Shelley Hamilton Atkins never had the chance to meet her uncle, Sgt. Vernon Hamilton. Nevertheless, Atkins felt like she knew her missing uncle as well as any of her other living relatives.

“My grandmother, Dorothy Hamilton, loved to tell stories about Vern,” Atkins recalls. “I heard so many great things about him. My grandmother felt those stories helped to keep him alive. And she never gave up hope that one day he would come home. He came back in a big way and now we finally have an opportunity to tell his story.”

Atkins was one several hundred people who packed the Ringgold Middle School auditorium Wednesday evening to view the premier of “Homecoming: Sgt. Hamilton’s Long Journey” – a 30-minute documentary produced by WQED, a public broadcasting station based in Pittsburgh.

The documentary chronicles the story of Hamilton, a 19-year-old Army Air gunner mechanic who was lost after his A-26 light bomber aircraft was shot down over Dülmen, Germany on March 21, 1945. The remains of Hamilton, Sgt. John Kalausich and 2nd Lt. Lynn Hadfield were recovered three years ago and positively identified in 2018. Hamilton’s body was returned to the United States last summer for a funeral and burial in Monongahela.

WQED executive producer David Solomon, who moderated a panel discussing following the screening of the documentary, said the film preserves the memory of one of the troops who helped liberate Europe from Nazi Germany.

“If it wasn’t for History Flight and so many other people, Vern would have become a foggy memory in the minds of a few people, then gone with the next generation,” said Solomon, a Monongahela native and Ringgold 1972 graduate, who worked with videographer Paul Ruggieri to produce the documentary. “Now that Sgt. Hamilton’s story has been captured in a documentary, we are hoping he will be around for a really long time.”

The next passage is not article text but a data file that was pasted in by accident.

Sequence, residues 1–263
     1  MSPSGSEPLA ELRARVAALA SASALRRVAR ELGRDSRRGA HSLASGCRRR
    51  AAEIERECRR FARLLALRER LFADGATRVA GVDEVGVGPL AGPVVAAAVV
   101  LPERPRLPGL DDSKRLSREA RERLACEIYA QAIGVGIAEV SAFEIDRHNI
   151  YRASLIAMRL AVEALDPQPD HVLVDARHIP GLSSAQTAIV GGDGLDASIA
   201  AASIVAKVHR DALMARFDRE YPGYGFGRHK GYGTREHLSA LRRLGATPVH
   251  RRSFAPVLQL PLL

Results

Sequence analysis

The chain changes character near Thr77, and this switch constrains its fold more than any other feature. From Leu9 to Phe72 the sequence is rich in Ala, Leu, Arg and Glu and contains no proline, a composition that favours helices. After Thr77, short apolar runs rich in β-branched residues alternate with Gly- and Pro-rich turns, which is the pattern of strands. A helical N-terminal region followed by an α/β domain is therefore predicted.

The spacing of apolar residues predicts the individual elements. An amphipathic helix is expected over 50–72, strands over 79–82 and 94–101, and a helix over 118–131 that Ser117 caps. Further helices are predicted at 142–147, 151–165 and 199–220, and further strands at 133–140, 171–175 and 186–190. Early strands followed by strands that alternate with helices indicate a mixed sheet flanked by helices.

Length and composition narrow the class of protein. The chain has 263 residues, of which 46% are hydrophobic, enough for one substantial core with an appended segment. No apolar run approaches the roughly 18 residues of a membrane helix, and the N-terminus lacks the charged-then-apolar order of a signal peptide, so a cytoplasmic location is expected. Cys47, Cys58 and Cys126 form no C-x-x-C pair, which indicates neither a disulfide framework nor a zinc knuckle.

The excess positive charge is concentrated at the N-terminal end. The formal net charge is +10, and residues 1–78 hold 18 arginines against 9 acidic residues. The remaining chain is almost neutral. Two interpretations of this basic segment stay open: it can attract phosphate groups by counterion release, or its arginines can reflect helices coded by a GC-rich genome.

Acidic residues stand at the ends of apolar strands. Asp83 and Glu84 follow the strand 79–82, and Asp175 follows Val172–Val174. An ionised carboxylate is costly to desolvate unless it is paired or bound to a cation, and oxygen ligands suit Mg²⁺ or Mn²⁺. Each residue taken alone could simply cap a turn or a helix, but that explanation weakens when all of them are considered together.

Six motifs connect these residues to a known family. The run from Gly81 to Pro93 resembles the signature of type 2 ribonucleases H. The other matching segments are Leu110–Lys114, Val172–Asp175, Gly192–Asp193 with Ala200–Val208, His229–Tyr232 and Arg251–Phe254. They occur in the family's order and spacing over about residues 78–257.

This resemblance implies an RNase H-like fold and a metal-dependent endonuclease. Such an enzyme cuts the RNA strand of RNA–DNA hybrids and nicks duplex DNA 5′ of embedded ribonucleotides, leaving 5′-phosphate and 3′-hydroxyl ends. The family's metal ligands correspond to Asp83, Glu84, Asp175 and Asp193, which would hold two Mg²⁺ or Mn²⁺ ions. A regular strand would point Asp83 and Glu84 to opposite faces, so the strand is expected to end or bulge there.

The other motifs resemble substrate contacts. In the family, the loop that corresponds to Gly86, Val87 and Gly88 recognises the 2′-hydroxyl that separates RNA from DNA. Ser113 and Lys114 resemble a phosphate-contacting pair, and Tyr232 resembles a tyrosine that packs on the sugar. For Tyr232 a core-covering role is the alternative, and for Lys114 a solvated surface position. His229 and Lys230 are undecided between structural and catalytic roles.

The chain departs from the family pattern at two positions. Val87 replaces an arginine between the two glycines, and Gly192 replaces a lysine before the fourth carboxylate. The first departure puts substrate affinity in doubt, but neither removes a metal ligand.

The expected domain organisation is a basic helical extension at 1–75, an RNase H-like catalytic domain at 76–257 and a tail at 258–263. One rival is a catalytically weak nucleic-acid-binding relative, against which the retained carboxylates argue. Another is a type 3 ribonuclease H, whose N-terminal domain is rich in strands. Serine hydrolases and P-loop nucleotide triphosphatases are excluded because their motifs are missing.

Initial attempts to locate the A-26 plane and the bodies of Hamilton, Kalausich and Hadfield were futile, and the remains of the crew were declared nonrecoverable in 1951. Then in June 2016, Adolph Hagedorn, a German researcher, contacted the U.S. Defense POW/MIA Accounting Agency (DPAA) after he found a crash site that was possibly linked to Hamilton’s plane.

Justin LeHew, chief operating officer of History Flight, a private nonprofit dedicated to finding missing U.S. service members, said the team tasked with recovering the remains was racing against the clock.

“DPAA said the remains had to be excavated in 30 to 60 days because the landowner was preparing to build a barn over the site where the plane had crashed,” said LeHew. “Once the barn went up, it would be impossible to recover the artifacts. The problem was that DPAA didn’t have a team ready to do the job. That’s where History Flight came in. Together with a team of forensic anthropologists, geophysicists, historians and other volunteers, we worked seven days a week over a month to recover pieces of the plane and fragments of bone and teeth.”

The team also recovered Hamilton’s Monongahela High School class ring, as well as dog tags belonging to Kalausich and Hadfield.

Once excavation was completed, the remains were sent to DPAA’s forensic laboratory in Omaha, Neb. Dr. Carrie Brown, forensic anthropologist and director of the USS Oklahoma Project, said all remains were treated with the utmost respect.

“A military escort accompanied the flag-draped transfer cases from the airport to the laboratory. We also didn’t allow videotaping of the soldiers’ remains,” said Brown, who also was instrumental in identifying the remains of 200 previously unknown crewmen from the USS Oklahoma.

Positive identification of Hamilton and the other crewmen was completed by the Armed Forces Medical Examiner and DPAA in 2018.

During the event, Ringgold Superintendent Megan Marie Van Fossan presented an honorary high school diploma to Atkins, who accepted the certificate on behalf of her uncle. Hamilton did not finish high school because he enlisted in the Army Air Corps at the age of 17.

In addition, state Rep. Bud Cook (R-49) and Washington County Commissioner Larry Maggi presented Hamilton’s family with certificates of appreciation. State Sen. Camera Bartolotta (R-46) also sent a statement to honor Hamilton.

Atkins thanked the city of Monongahela for honoring her uncle and keeping his memory alive.

“It is awesome to see such an outpouring of gratitude,” she said. “Most of these people didn’t know my uncle, yet they were out on the sidewalks waving flags and wiping tears from their eyes. My uncle would have been so humbled to witness all of this.”

“Homecoming: Sgt. Hamilton’s Long Journey, which aired Thursday on WQED, can be viewed at www.wqed.org/homecoming.

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